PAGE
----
Sayulita, Nayarit, Mexico
Also known as “Telluride South.” There’s just no escaping your neighbors, clients and customers, but this sleepy fishing village has managed to retain its charm, despite being less than 30 miles from Puerto Vallarta. Main activities: slurping ice cream, scarfing fish tacos, reading on the beach and watching the sunset.

Costa Rica
Crested Butte loves it some CR, especially a specific treehouse community (started by former locals) called Finca Bellavista. Tamarindo, Jacó and Mal Pais are also popular beach getaways for the off-season ski crowd. What better place for winter thrill-seekers to transition to warm weather pursuits such as whitewater rafting, surfing and volcano bagging?sea turtle
Playa del Carmen, Quintana Roo, Mexico
Formerly known as the jumping off point for the ferry to Cozumel, Playa has become a bona fide resort, popular with families, couples and singles who desire a bit of luxury minus the crowds and squalor of Cancun.

Tulum, Quintana Roo, Mexico
Located close to Playa, this buzzy village is better known as the home of some of Mexico’s most spectacular Mayan ruins. Popular with the backpacker crowd thanks to beachfront bungalow and palapa accommodations (alas, camping isn’t as prevalent or permissible as it used to be); Tulum is now a target destination for food lovers making a pilgrimage to Hartwood Restaurant, a solar-run operation that specializes in locally-sourced, contemporized regional cuisine (note it’s closed March 18-April 3 for annual maintenance). Also, don’t miss the cenotes, or sinkholes, that dot the countryside; you can swim in their crystalline waters, or even explore them via scuba.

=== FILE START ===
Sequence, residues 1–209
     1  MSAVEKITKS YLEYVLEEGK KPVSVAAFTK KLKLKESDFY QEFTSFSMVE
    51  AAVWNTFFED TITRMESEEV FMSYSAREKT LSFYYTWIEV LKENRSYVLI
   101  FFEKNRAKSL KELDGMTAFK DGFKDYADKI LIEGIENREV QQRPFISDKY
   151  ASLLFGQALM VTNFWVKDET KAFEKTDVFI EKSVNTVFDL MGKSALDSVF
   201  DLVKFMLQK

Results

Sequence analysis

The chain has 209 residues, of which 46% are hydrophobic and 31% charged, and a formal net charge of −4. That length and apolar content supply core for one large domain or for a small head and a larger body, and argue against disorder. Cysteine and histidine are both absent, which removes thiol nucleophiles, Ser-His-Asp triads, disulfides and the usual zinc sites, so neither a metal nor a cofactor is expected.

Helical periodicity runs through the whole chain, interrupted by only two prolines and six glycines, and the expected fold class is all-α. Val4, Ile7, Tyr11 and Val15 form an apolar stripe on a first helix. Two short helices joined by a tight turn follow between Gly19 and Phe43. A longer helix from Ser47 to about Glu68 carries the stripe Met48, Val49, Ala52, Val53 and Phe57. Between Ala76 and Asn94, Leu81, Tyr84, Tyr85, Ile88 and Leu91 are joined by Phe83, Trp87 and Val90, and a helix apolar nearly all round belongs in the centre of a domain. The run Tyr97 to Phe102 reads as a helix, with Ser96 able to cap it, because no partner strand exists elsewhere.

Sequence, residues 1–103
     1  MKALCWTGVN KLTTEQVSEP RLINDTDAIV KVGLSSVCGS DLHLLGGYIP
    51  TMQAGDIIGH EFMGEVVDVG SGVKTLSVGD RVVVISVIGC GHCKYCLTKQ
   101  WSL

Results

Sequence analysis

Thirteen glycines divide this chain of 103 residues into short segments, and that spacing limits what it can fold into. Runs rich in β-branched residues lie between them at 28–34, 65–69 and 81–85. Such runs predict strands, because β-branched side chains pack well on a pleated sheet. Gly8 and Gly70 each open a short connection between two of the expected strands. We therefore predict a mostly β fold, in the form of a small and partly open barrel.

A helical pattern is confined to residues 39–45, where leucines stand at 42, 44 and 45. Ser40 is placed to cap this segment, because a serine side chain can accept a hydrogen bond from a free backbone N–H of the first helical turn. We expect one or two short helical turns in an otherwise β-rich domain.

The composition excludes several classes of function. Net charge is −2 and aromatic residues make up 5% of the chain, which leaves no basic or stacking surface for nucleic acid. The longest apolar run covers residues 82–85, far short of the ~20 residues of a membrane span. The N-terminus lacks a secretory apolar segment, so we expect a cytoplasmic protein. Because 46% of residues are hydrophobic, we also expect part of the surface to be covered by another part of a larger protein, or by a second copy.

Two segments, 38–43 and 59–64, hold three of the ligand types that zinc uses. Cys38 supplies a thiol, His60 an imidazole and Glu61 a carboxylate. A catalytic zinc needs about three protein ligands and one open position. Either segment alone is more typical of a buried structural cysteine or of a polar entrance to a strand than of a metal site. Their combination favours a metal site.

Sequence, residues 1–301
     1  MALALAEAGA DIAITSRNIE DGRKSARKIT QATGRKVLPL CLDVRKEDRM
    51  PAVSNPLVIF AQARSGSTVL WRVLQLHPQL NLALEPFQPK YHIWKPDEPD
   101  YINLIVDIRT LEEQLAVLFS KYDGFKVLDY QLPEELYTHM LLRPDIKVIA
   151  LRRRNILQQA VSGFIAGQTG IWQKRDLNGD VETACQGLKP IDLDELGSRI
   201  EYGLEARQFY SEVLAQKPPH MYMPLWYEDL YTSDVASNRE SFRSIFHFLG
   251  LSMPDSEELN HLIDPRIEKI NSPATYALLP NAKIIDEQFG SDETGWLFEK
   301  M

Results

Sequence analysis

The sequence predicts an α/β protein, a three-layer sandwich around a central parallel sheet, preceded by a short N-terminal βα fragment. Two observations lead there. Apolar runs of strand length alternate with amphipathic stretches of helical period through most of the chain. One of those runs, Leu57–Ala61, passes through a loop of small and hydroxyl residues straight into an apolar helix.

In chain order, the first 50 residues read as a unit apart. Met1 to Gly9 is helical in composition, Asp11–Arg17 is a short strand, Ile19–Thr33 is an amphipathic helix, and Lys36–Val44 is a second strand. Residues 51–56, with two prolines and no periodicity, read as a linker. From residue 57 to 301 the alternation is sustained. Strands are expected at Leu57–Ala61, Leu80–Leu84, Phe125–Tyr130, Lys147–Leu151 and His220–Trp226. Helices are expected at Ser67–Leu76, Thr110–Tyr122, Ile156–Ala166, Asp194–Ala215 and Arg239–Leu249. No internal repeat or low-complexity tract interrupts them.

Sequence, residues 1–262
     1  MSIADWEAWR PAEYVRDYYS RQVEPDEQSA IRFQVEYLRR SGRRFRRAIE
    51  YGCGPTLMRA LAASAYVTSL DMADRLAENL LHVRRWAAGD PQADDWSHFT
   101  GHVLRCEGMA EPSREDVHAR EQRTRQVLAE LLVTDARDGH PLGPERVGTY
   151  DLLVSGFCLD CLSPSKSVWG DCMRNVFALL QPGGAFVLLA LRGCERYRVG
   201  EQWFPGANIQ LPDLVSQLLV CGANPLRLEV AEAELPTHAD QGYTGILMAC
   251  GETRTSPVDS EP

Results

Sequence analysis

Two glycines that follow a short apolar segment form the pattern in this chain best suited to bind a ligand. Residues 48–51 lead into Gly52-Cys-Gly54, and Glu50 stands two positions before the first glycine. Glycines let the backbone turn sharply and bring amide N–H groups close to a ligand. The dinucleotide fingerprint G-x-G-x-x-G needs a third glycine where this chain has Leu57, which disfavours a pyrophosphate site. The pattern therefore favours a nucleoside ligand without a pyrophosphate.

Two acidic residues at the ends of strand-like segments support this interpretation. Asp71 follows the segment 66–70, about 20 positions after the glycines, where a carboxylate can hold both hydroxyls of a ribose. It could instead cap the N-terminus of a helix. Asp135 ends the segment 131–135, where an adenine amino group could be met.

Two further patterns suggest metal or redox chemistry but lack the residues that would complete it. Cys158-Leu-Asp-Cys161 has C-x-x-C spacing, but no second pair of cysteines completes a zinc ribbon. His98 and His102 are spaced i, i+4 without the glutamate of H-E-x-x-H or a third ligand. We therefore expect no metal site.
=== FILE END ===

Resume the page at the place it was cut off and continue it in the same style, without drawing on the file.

Caye Caulker, Belize
Both diving and hammock enthusiasts are drawn to this laid-back island in the Caribbean Sea. Lobster at 9,000 feet can’t compare to freshly-caught.

Hawaii
A popular destination for trade wind-craving ski town refugees, especially Oahu, Maui and Kauai, depending upon budget and inclination. The diversity of outdoor adventure and relative ease of getting there is the draw.

[Photo credits: Sayulita, Flickr user waywuei; sea turtle, Flickr user -NINETIMES-]

10 Essential Destinations In Mexico

mexico While many think of Mexico as a country that’s too dangerous to visit, there are actually many beautiful, safe and historically rich cities worth making a trip for.